U.S. Treasury yields were mostly steady on Friday, capping a weeklong surge, after signs of progress toward a U.S.-China trade deal pushed long-term government rates to multimonth highs this week.
Sifma recommended the bond-market will be closed Monday for the Veterans Day holiday.
What are Treasurys doing?
The 10-year Treasury note yield TMUBMUSD10Y, +0.48% was virtually unchanged at 1.93%, and was up around 20 basis points this week, marking its largest such jump in a month. Meanwhile, the 30-year bond TMUBMUSD30Y, +0.08% was up 1.5 basis points to 2.415%, adding to a weekly rise of 20.3 basis points. Both long-dated maturities hit a more than three-month high.
The 2-year note rate TMUBMUSD02Y, +1.05% was down 1.3 basis points to 1.664%, trimming its weekly rise to 10.2 basis points.
What’s driving Treasurys?
White House adviser Peter Navarro said that U.S. had not agreed to roll back tariffs, following reports that there were disagreements within the Trump administration whether to remove existing import levies. President Donald Trump later said he had yet to approve such an agreement.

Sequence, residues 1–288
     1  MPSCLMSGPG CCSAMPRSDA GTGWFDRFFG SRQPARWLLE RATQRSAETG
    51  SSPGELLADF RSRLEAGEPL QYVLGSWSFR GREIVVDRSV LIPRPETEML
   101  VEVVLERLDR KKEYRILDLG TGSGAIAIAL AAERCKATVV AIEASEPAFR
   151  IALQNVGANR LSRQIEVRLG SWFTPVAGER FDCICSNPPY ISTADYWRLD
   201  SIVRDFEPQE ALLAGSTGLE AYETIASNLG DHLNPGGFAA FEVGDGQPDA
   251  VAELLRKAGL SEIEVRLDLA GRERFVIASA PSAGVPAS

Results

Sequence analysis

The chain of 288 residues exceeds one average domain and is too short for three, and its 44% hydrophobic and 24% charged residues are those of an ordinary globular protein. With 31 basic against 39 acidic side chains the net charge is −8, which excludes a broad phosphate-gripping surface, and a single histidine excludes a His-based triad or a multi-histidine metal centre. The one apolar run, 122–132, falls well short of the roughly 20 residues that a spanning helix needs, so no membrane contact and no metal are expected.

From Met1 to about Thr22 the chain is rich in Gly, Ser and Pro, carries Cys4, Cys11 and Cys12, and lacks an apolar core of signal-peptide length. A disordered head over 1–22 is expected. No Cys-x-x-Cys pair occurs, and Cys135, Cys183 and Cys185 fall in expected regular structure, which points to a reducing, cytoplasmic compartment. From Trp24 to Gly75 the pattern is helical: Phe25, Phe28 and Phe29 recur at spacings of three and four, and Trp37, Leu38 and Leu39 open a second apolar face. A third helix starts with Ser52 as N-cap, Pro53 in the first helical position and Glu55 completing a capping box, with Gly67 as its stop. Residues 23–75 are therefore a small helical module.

On Thursday, Chinese officials had said both sides had accepted that if a “phase one” trade deal came to pass, the U.S. and China would both reduce the tariffs simultaneously at the same proportional pace.
Investors digested some U.S. economic data. The University of Michigan’s consumer sentiment survey for November came in at 95.7%, from 95.5% last month.
Several Federal Reserve officials including San Francisco Fed President Mary Daly, New York Fed President John Williams and Fed Gov. Lael Brainard spoke on Friday, though most of their comments didn’t pertain to monetary policy. Atlanta Fed President Raphael Bostic said he did not support October’s rate-cut and that the economy was “solid.”
What did market participants’ say?
“There were aspects of the reflation trade going on in the equity markets that the bond market hadn’t reflected. Yields are now probably closer to where they should be,” said Marvin Loh, senior markets strategist at State Street. But he added that investors still “don’t necessarily know how the trade issue with China is going to evolve.”